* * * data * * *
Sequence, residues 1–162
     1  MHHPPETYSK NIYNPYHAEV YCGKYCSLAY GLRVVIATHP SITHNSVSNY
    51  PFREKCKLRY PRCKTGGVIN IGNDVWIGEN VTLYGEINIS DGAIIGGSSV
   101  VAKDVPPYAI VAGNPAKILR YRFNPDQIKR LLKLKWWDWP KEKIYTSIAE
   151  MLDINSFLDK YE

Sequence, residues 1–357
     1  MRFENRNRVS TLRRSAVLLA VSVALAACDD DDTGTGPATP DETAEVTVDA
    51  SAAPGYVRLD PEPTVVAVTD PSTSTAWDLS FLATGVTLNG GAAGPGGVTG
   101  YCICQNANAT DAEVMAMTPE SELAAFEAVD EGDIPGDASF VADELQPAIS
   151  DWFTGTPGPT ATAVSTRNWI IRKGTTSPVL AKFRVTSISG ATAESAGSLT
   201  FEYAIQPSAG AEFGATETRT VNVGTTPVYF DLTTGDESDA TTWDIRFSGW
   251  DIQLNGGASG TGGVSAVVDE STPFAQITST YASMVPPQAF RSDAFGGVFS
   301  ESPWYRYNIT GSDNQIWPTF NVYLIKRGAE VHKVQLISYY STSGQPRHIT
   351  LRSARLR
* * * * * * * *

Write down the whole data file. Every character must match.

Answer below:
Sequence, residues 1–162
     1  MHHPPETYSK NIYNPYHAEV YCGKYCSLAY GLRVVIATHP SITHNSVSNY
    51  PFREKCKLRY PRCKTGGVIN IGNDVWIGEN VTLYGEINIS DGAIIGGSSV
   101  VAKDVPPYAI VAGNPAKILR YRFNPDQIKR LLKLKWWDWP KEKIYTSIAE
   151  MLDINSFLDK YE

Sequence, residues 1–357
     1  MRFENRNRVS TLRRSAVLLA VSVALAACDD DDTGTGPATP DETAEVTVDA
    51  SAAPGYVRLD PEPTVVAVTD PSTSTAWDLS FLATGVTLNG GAAGPGGVTG
   101  YCICQNANAT DAEVMAMTPE SELAAFEAVD EGDIPGDASF VADELQPAIS
   151  DWFTGTPGPT ATAVSTRNWI IRKGTTSPVL AKFRVTSISG ATAESAGSLT
   201  FEYAIQPSAG AEFGATETRT VNVGTTPVYF DLTTGDESDA TTWDIRFSGW
   251  DIQLNGGASG TGGVSAVVDE STPFAQITST YASMVPPQAF RSDAFGGVFS
   301  ESPWYRYNIT GSDNQIWPTF NVYLIKRGAE VHKVQLISYY STSGQPRHIT
   351  LRSARLR